Professor Deborah Prentice

Professor Deborah Prentice, the Provost of Princeton University, has been formally appointed as the next Vice-Chancellor of Cambridge.

It is a huge honour to be nominated to lead such a renowned institution. I welcome the challenge of helping Cambridge write the next chapter of its long and proud history.

Professor Deborah Prentice

An eminent psychologist, Professor Prentice has been Provost at Princeton since 2017 with primary responsibility for all academic, budgetary and long-term planning issues. 

Professor Prentice joined Princeton as a lecturer in psychology in 1988 and was appointed assistant professor of psychology the following year, after completing a PhD at Yale. She was appointed associate professor in 1995 and professor of psychology in 2000. She became the Alexander Stewart 1886 Professor of Psychology and Public Affairs in 2012 and chaired the Department of Psychology for 12 years until her appointment as Dean of Faculty in 2014. 

Her academic expertise is the study of social norms which govern human behaviour – the impact and development of unwritten rules and conventions and how people respond to breaches of those rules. She has edited three academic volumes and authored more than 50 articles and chapters and she has specialised in the study of domestic violence, alcohol abuse and gender stereotypes.

The University Council has formally appointed Professor Prentice following approval by the Regent House, the body comprising academic and senior administrative staff of the University and Colleges. Professor Prentice will begin as Vice-Chancellor on 1st July 2023.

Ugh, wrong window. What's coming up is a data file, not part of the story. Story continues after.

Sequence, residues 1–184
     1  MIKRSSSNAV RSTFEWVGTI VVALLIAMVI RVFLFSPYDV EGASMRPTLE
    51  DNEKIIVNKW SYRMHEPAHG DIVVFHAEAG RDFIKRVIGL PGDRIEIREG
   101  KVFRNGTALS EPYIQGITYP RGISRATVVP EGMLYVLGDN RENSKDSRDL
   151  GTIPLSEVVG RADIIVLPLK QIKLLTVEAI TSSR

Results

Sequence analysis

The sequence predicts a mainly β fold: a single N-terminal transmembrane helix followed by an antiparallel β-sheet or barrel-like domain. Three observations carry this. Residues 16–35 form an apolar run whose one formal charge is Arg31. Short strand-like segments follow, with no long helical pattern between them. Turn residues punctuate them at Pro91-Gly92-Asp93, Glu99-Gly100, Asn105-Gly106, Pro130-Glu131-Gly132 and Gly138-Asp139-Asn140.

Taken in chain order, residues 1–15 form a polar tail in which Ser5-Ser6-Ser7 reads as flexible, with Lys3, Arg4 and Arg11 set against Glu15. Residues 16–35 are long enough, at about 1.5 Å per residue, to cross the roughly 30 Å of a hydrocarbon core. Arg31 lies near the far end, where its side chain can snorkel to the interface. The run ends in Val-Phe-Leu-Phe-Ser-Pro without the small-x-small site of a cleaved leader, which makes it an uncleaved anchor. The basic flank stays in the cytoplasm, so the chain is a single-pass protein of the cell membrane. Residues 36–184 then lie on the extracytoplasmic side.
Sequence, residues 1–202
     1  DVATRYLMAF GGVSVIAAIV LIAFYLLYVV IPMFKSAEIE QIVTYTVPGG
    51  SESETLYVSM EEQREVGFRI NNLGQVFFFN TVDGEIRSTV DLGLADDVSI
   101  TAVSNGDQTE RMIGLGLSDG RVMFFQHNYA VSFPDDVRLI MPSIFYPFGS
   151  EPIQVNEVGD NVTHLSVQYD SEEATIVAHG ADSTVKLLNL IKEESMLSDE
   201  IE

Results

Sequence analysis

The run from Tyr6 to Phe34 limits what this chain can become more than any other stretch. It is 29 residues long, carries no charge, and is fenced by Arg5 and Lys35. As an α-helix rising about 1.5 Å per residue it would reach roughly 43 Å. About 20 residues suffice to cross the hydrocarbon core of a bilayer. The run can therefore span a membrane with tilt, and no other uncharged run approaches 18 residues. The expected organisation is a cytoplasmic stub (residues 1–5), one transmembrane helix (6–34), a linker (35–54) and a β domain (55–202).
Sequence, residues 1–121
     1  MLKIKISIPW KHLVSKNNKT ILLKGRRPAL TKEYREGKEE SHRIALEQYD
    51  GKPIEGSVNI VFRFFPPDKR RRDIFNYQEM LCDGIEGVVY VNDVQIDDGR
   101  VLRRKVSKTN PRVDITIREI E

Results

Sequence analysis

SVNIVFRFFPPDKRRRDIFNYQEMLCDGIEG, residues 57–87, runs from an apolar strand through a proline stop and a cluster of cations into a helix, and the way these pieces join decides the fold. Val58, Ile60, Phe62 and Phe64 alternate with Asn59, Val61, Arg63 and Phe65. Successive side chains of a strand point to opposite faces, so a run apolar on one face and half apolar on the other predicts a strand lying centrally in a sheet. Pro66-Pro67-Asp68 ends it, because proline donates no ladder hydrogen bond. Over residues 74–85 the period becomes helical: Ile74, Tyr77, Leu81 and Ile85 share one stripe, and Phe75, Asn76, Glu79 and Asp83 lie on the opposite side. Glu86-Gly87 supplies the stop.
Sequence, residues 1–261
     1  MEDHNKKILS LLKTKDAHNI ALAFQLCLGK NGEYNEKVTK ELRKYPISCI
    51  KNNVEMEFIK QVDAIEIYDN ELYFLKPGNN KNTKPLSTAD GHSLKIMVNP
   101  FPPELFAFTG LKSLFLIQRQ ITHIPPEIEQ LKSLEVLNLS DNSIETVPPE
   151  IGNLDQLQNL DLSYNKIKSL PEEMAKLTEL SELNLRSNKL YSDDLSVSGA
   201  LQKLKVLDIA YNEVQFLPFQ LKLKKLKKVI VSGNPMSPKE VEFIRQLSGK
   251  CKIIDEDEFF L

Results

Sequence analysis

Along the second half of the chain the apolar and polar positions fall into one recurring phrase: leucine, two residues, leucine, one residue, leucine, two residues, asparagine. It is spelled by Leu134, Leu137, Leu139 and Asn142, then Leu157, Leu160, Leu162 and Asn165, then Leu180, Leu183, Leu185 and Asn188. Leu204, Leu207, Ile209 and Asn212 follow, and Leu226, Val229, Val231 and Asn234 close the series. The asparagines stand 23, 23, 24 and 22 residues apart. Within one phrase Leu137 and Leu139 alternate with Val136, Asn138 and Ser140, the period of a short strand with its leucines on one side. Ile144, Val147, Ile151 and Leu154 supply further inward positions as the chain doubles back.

Former Vice-Chancellor, Professor Stephen J Toope, departed on 1 October and in the meantime the Acting Vice-Chancellor will be Dr Anthony Freeling, formerly President of Hughes Hall, Cambridge.

Professor Prentice said: "It is a huge honour to be nominated to lead such a renowned institution. I welcome the challenge of helping Cambridge write the next chapter of its long and proud history. Higher education around the world faces many challenges but I firmly believe there are also great opportunities to demonstrate how our leading universities can together harness their expertise to solve global problems. I hope that I can play some part in leading that dialogue."

Professor Pippa Rogerson, Master of Gonville & Caius College, who chaired the advisory committee on the Vice-Chancellor’s recruitment, said: "We were privileged to be able to meet and consider an exceptionally strong field of applicants from around the world. Professor Prentice was an outstanding candidate from the start and we had no hesitation in putting her forward for consideration by the University Council."

The Council interviewed three candidates in person on 20 September before agreeing to nominate Professor Prentice. Mark Lewisohn, deputy chair of Council, said: "In making its nomination, Council is confident that the University will be gaining a highly experienced and formidably talented academic and leader who will be able to guide Cambridge through the many opportunities and challenges that lie ahead."

Professor Toope said: "As I step down as Vice-Chancellor, I am delighted to know the University is appointing a successor of such academic distinction, and with an experience of leadership at all levels of university life that will stand her in good stead at Cambridge. I am confident that Professor Prentice will bring fresh perspectives and new ideas to Cambridge, and I look forward to seeing our world-leading university continue to flourish under her guidance."

Dr Freeling said: "I look forward to passing on the baton from Professor Toope to Professor Prentice, and to working closely with Professor Prentice as she prepares to take on the leadership of our University later this academic year."